Today Canada prides itself on being one of the most multicultural countries in the world. This country has people from all over the world. All of these different people have different stories. The story of Asian-Canadians is an interesting one, even though they are a large minority group in Canada today, their race had to overcome many obstacles and endure much oppression to attain their large population in Canada. One of the big waves of Asian migration occurred when Chinese people are said to have first started to arrive in Canada in 1788. (Anderson 211). This was when the utility of cheap Asian labor in Canada was starting to be recognized, and they were being brought over one ship at a time. It was not until 1858 with the emergence of the Fraser Canyon Gold Rush and a large-scale migration for the gold fields in California, did we first start to see a substantial movement of people into the British Colonies of Vancouver Island, and the rest of the mainland province.
[...] Asian immigration has been very harsh at times, it created conditions of oppression and as a nation we ought to be remorseful. While it was Europeans that were migrating to the Prairies, it was Asians that were coming to Canada in large numbers on the West coast. This group however, was received in a far different way; in fact they were not really welcomed by the Canadians, especially those in British Columbia. Between 1889 and 1885, fifteen thousand Chinese men arrived in Canada and were paid a dollar a day to do some of the most horrendous and dangerous jobs. [...]
[...] In this essay we examined the Chinese immigration experience and particularly the Canadian government policies and Asian immigration to Canada, 1880-1923. From this it is clear that Canadian government policy toward Asian immigration has been very harsh at time, it creating conditions of oppression, and as a nation we ought to be remorseful. Reference List Anderson, A.B. & Frideres, J.S. Ethnicity in Canada. Toronto, ON: Butterworth's Blauner, R. Internal Colonialism and Ghetto Revolt. Social Problems, 16; Canada, House of Commons Debates pg Gillmor, D. [...]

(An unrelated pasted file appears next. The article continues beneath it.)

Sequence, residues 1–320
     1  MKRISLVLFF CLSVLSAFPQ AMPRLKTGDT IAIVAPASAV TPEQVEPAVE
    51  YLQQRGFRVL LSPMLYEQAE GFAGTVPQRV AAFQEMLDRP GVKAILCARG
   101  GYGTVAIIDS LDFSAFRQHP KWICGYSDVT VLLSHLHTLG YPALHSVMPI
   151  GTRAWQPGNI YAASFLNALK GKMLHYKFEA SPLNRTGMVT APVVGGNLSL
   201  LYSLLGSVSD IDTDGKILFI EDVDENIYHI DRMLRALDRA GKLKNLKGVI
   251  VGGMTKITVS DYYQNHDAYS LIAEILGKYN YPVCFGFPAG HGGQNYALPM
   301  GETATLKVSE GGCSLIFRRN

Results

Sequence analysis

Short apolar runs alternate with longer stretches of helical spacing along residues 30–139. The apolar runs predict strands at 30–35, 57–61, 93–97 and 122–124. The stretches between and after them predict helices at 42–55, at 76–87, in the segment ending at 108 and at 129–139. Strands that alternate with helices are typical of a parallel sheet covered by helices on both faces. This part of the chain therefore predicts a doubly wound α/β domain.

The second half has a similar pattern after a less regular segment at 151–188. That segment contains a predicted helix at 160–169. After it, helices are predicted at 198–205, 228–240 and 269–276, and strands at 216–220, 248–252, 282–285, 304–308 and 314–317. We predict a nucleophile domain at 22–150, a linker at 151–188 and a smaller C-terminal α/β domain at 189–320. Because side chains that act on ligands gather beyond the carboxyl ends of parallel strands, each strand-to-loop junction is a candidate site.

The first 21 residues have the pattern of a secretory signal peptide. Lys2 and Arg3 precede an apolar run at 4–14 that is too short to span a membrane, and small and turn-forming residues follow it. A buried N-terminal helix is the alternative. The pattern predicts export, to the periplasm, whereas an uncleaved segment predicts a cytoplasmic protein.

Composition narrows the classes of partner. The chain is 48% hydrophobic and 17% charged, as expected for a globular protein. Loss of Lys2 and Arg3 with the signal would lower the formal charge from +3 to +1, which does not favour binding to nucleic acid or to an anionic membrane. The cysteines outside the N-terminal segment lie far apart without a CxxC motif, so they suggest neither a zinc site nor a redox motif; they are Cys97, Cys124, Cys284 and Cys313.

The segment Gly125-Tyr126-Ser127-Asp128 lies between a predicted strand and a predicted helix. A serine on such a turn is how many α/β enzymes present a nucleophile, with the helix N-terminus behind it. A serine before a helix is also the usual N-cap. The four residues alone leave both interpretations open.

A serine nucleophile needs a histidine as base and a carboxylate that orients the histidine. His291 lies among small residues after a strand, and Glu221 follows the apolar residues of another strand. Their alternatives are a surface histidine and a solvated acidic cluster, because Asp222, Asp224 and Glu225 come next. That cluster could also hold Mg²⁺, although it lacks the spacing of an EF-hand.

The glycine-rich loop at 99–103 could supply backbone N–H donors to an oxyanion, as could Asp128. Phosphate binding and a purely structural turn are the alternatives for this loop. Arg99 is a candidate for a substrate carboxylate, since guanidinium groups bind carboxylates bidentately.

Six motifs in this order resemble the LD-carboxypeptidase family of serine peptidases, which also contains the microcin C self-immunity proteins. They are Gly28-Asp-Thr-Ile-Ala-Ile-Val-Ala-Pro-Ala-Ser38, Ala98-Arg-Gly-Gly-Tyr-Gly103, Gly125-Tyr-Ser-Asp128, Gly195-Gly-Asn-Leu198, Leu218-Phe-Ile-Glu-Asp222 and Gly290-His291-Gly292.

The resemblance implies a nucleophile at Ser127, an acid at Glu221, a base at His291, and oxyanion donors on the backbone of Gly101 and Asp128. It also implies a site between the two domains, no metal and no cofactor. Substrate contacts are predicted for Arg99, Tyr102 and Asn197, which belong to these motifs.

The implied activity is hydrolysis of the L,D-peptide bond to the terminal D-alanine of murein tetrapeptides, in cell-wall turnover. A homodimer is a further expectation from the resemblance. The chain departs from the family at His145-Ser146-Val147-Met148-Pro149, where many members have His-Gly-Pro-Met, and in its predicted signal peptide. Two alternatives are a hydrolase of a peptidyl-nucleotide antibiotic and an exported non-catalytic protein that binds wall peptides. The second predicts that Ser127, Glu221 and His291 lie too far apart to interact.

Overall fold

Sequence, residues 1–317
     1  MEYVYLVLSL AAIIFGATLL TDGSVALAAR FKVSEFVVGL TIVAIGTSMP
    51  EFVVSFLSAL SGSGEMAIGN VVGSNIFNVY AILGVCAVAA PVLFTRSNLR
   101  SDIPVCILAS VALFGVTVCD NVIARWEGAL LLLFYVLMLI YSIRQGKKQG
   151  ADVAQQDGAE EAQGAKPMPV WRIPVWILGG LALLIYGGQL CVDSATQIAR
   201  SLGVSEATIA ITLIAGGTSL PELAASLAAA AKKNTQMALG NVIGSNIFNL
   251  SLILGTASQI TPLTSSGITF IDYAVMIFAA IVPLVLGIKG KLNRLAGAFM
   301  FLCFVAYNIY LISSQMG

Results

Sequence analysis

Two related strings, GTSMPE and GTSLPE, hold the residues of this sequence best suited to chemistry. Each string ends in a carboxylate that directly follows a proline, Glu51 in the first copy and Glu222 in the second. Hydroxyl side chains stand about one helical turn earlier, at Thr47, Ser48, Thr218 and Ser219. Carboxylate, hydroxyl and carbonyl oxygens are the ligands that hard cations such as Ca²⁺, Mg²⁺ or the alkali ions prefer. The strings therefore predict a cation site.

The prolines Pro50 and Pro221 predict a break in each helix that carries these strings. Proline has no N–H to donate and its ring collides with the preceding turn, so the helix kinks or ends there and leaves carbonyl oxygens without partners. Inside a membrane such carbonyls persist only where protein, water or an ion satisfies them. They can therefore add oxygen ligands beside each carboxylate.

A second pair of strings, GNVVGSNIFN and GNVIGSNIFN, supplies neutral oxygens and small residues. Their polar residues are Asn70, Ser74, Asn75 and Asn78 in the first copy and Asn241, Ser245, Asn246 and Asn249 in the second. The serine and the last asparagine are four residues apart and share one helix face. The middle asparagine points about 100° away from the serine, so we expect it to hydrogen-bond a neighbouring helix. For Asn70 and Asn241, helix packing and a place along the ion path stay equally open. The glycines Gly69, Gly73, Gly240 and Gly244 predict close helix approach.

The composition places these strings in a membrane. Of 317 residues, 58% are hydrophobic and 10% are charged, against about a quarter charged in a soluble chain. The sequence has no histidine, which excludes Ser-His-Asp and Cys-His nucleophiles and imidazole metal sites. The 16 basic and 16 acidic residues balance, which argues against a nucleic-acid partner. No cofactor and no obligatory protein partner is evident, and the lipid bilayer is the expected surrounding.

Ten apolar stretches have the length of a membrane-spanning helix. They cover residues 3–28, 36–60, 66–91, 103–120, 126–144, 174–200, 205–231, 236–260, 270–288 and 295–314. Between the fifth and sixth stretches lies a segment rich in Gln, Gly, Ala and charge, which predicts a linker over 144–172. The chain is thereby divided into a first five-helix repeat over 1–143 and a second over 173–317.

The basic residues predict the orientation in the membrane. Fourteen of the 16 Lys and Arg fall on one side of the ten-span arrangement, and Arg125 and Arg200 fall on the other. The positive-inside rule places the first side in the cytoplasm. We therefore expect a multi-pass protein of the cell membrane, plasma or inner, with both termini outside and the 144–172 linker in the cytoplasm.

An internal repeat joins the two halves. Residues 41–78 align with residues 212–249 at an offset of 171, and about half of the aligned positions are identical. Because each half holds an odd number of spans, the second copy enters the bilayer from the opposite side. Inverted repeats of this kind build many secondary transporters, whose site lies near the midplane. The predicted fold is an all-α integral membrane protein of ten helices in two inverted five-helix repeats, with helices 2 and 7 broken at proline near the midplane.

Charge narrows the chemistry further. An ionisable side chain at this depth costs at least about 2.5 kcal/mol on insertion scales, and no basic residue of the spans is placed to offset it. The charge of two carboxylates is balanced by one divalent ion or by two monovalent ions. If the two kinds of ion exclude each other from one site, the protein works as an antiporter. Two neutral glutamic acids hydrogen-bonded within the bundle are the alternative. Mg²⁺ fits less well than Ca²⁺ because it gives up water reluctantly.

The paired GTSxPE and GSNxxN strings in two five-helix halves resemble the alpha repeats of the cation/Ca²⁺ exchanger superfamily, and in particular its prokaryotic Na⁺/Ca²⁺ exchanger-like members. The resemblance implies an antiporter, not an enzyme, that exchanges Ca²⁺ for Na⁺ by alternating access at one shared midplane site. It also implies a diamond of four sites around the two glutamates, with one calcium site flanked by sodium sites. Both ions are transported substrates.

[...] Hostilities arose between Asian and white workers, generated by the different in wages. The conflict was deepened by the use of Chinese workers, chosen solely because of their race, as strike-breakers. A working class thus divided presented little threat to its economic masters. Racism and capitalist economic institutions proved to have a symbiotic relationship. (Gillmor 20). There were sporadic outbursts by Chinese laborers against individual racist agitators, but initiatives against white industrial bosses as the instigators of racism were rare. [...]
[...] These two men, who clearly subscribed to the widespread prejudices against the Chinese, had to reconcile those feelings with the fact that in many ways Chinese immigration was desirable and even necessary most efficient aid in the development of a country and a great means to wealth,” as they themselves were to report. Their solution was to allow Chinese immigration to continue but to recommend some restrictions to guard against its “least desirable” side effects. (Vance 65). The result was the introduction of a series of head taxes. [...]
[...] However, in May 1907, there was an unexpected Asian influx with the arrival of the Kumeric, a ship that brought a load full of migrants over. (Ward 165). This raised the awareness of many white people that the of Asian migration was not over. On September a newly formed group called the Asiatic Exclusion League of Vancouver organized a rally at city hall, which was a block from Chinatown and the adjacent Japantown. Almost half of the city, thirty thousand people, turned out for the rally, wearing white ribbons that said a White Canada.” After rousing speeches that advocated an exclusively white, Christian society, seven thousand men headed for Chinatown. [...]
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